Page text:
I picked: Syracuse over UTEP
Who’s actually playing: Syracuse and Butler.
I’m rooting for: Syracuse, who I have going to the Final Four.

I picked: Pittsburgh over Kansas State.
Who’s actually playing: Xavier and Kansas State.
I’m rooting for: Xavier.

I picked: Baylor over Villanova.
Who’s actually playing: Baylor and St. Mary’s.
I’m rooting for: Baylor, who I have in the Final Four.

I picked Louisville over Siena.
Who’s actually playing: Duke and Purdue (yikes).
I’m rooting for: Purdue. Actually, I’m rooting against Duke every round.

I picked: West Virginia over New Mexico
Who’s actually playing: West Virginia and Washington.
I’m rooting for: West Virginia, who I have winning the tournament over (oops) Kansas.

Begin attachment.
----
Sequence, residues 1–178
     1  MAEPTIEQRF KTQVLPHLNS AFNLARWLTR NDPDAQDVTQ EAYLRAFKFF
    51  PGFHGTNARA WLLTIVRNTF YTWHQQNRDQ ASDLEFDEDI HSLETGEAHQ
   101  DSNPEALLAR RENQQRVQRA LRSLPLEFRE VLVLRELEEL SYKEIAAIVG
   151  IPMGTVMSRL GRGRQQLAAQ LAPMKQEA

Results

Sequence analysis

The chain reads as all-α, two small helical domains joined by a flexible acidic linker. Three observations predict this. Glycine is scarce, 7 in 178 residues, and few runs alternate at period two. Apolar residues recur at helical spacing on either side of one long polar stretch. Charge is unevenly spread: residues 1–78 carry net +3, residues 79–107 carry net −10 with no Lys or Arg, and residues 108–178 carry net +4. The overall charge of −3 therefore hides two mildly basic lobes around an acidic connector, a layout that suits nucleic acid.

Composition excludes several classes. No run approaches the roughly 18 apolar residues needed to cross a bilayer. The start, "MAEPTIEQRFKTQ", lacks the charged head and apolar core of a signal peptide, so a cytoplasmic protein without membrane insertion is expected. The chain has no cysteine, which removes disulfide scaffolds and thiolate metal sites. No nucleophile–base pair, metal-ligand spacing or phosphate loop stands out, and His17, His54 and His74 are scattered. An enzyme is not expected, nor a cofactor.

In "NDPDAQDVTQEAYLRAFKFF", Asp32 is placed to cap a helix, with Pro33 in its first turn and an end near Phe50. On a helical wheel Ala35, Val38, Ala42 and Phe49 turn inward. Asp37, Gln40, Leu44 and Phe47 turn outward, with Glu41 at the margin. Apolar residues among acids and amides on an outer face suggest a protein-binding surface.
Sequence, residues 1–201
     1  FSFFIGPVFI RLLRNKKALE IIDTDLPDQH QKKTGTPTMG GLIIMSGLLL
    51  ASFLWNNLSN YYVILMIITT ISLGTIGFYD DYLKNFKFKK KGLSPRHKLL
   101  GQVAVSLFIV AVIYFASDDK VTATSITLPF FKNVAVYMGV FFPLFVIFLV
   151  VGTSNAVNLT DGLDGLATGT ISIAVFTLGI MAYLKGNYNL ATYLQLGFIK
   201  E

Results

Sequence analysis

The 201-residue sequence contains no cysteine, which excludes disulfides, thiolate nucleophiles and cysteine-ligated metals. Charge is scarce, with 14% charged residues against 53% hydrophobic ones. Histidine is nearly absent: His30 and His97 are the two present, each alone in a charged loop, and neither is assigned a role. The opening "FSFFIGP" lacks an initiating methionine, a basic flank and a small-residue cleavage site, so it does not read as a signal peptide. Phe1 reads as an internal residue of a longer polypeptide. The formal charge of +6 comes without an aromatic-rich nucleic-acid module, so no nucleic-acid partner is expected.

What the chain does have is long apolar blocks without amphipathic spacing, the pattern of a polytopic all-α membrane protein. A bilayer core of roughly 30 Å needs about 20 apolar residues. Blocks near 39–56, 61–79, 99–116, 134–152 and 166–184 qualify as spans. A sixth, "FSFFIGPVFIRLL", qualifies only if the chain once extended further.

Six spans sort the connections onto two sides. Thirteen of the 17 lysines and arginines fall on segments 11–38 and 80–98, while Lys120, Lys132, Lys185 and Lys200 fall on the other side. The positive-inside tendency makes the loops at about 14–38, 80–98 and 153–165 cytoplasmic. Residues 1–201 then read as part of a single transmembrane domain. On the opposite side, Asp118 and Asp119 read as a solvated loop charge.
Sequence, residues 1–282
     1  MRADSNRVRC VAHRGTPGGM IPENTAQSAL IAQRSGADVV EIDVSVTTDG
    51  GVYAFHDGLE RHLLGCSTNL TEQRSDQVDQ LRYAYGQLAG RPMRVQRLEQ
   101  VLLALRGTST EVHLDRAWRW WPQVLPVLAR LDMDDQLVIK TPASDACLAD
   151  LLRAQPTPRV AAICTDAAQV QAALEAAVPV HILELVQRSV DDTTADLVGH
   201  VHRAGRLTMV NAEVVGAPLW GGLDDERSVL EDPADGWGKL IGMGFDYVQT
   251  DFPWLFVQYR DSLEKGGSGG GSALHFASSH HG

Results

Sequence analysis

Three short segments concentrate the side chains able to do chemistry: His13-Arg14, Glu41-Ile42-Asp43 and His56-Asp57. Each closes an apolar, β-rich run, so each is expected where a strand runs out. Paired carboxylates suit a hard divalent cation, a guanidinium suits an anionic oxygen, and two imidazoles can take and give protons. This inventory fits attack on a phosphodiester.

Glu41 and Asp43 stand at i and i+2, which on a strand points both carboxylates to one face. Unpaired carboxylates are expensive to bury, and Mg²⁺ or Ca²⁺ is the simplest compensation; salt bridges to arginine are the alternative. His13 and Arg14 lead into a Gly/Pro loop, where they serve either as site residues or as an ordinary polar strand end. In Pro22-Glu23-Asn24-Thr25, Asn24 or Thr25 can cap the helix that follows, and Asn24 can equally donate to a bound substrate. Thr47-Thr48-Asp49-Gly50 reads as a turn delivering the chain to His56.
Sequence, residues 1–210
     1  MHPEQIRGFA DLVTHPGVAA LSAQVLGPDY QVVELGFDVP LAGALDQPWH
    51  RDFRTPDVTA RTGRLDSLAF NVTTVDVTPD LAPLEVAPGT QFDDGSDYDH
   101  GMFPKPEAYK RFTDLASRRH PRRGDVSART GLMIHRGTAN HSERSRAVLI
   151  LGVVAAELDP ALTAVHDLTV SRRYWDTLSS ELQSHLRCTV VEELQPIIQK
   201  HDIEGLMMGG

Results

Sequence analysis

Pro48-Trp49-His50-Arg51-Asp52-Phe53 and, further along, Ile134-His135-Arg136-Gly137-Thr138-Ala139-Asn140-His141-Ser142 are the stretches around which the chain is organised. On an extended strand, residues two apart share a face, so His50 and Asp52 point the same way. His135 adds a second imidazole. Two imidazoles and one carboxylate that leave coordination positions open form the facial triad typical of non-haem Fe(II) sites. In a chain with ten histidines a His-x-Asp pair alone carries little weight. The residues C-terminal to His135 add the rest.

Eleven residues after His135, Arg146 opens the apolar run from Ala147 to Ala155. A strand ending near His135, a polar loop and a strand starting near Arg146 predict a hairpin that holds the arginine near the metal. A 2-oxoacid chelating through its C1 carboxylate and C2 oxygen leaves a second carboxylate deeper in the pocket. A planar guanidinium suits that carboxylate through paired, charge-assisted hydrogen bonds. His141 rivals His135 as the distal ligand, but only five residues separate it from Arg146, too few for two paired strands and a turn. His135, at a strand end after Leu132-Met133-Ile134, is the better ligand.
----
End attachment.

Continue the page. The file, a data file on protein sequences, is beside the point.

I picked: Kentucky over Cornell.
Who’s actually playing: Kentucky and Cornell!
I’m rooting for: Kentucky on my sheet, the upstate New York team in my heart.

ROG

Smokey is 70!


If William “Smokey” Robinson was known just for the songs he performed, he would be a memorable artist. But the fact that he has written over 400 songs, according to ASCAP, and probably hundreds more and is a producer as well, then you have a musical force.

The first song released by his group the Miracles was Got A Job, a response song to Get a Job by by the Silhouettes, written by Smokey, Berry Gordy and Roquel Davis.

Here are just a other few songs written or co-written by Smokey. The group listed usually is NOT the only artist who’s performed the tune:

You’ve Really Got A Hold On Me- the Beatles; also performed by the Miracles
My Girl-the Temptations
My Guy -Mary Wells; anyone who could write My Girl AND My Guy is the consummate songwriter
No More Tearstained Makeup – Martha & the Vandellas; a relatively obscure song with one of my favorite lines: No sponge has the power To absorb the shower Of what pancake and powder couldn’t cover
Who’s Loving You – Jackson 5ive. From the 1st J5 album, a cover of the Miracles tune. Isn’t Michael preturnaturally experienced in love in this tune?